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day 10-11: tam coc, ha noi

sunny 30 °C

Ha Noi is a nice city, don't get me wrong, but the heart of Vietnam lies in the countryside. The people are friendly and willing to do anything for you, so long as you buy some of the wares they are selling. The beer is cheap and plentiful, as is the food. The scenery is to die for, from the mountains to the sprawling rice paddies, topped with a clear blue sky and huge white clouds. Cows are EVERYWHERE, in the street, in the fields, hanging out under a big rock, near the train tracks. Fearless bicyclers brave the roads to larger-than-they cars, trucks, and semis.

People carry on with their business, but in a different way than the city folk. Things I've seen transported on motos: large titanium pipes, a crate full of live chickens, another of live dogs, a stack of towels taller than the driver with the woman on the back hanging on for dear life, a washer, a dresser, a huge box of 90's-style CD players, and of course an entire family.

This was all to and from Halong Bay and Tam Coc, and in Sapa. We took a day trip to Tam Coc, billed as the Halong Bay in the rice paddies. It was magnificent, even when it started pouring rain. Imagine me in the front, Mikey behind me with the 17-year-old girl paddling and in the back, rowing with her feet, the matriarch. We passed several secluded houses on the river, and saw several men and women fishing. A lady carrying her baby picked a lotus plant and put it on the baby's head as a hat. A family of approximately 10 or 11, on the same sized boat as Mikey and I, waved cheerfully and greeted us with "Hello!" and smiled for my pictures.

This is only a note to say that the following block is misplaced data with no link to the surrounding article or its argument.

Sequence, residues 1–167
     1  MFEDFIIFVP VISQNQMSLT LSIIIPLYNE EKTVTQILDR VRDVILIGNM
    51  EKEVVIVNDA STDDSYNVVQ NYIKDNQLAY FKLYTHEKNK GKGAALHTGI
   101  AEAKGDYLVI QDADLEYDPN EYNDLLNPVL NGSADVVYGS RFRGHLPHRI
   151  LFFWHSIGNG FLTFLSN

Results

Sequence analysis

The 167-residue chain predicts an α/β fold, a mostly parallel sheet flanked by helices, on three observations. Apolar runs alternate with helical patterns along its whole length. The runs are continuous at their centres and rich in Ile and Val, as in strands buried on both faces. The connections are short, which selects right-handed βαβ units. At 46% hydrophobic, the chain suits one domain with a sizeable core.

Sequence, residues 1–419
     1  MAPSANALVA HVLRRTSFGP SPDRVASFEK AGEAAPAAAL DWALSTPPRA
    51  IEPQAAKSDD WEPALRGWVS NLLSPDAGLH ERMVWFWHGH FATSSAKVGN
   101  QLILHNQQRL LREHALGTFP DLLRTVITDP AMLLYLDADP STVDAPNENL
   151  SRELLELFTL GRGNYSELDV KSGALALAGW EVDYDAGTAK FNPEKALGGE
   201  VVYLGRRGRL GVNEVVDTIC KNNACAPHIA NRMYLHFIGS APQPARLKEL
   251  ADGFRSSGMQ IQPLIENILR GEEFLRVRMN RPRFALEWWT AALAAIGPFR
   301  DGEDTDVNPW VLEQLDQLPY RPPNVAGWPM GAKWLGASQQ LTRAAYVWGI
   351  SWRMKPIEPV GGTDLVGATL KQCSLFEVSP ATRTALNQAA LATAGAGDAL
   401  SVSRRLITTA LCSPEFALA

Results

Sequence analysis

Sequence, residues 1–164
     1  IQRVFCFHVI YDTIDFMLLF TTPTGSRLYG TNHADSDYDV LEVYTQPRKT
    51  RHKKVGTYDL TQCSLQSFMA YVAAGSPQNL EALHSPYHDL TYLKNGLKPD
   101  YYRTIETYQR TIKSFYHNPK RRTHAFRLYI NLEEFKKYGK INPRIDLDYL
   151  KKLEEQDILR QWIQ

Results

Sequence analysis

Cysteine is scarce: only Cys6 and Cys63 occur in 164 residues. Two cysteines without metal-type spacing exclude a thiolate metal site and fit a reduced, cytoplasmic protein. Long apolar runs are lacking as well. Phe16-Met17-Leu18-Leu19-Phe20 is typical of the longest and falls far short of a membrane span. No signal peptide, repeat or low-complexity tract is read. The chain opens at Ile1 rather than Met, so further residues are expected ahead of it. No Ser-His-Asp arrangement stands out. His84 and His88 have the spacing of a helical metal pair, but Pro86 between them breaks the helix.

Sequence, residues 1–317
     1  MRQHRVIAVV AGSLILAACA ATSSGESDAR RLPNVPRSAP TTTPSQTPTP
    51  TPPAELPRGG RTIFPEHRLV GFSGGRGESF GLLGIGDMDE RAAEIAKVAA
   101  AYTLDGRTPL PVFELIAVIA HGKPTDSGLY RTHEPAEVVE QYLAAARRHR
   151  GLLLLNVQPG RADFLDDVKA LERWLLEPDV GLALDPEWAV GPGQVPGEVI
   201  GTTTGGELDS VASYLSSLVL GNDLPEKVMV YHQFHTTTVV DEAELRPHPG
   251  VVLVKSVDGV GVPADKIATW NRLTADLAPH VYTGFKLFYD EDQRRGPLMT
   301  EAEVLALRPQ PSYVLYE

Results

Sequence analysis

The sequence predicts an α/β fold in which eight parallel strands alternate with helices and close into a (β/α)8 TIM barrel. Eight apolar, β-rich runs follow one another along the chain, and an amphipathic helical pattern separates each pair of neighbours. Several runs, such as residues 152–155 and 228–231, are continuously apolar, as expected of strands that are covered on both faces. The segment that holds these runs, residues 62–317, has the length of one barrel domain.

Contrast that to the blaring horns and often frustrating and always unnerving traffic of Ha Noi, where people want you for your money. Which goes to show, I think, that no matter where you go, things stay the same. The country vs. city dichotomy holds true in every country, but living in a city for so long, I've forgotten just how perfect it is sleeping next to a river with only the sound of crickets to put you to sleep, or seeing a 10-year-old boy herding cows, or seeing the rice fields dotted with pickers on an almost too sunny day. Or having anyone and everyone shout greetings to you. As it is everywhere else, so it is in Vietnam.

And my absolute favorite thing about Vietnam is that life is as it always was. There are no fast-food chains in from the west, not even a McDonald's or a Starbucks. There has been a big boom in hotels, but here, tourists can really get a sense of what it is to be in Vietnam. People don't change the way they are or live just to suit the tourists. Of course tourism has changed Vietnam, but not more than years of war or oppression. What am I trying to get at? There is NO McDonald's! There is no Starbucks! To say that is saying enough.

  • *Tonight I leave Mikey in Ha Noi and head south for Danang on the train, then on a bus to Hoi An to meet my Finnish friends before they leave.

Posted by lrbergen 20:04 Archived in Vietnam

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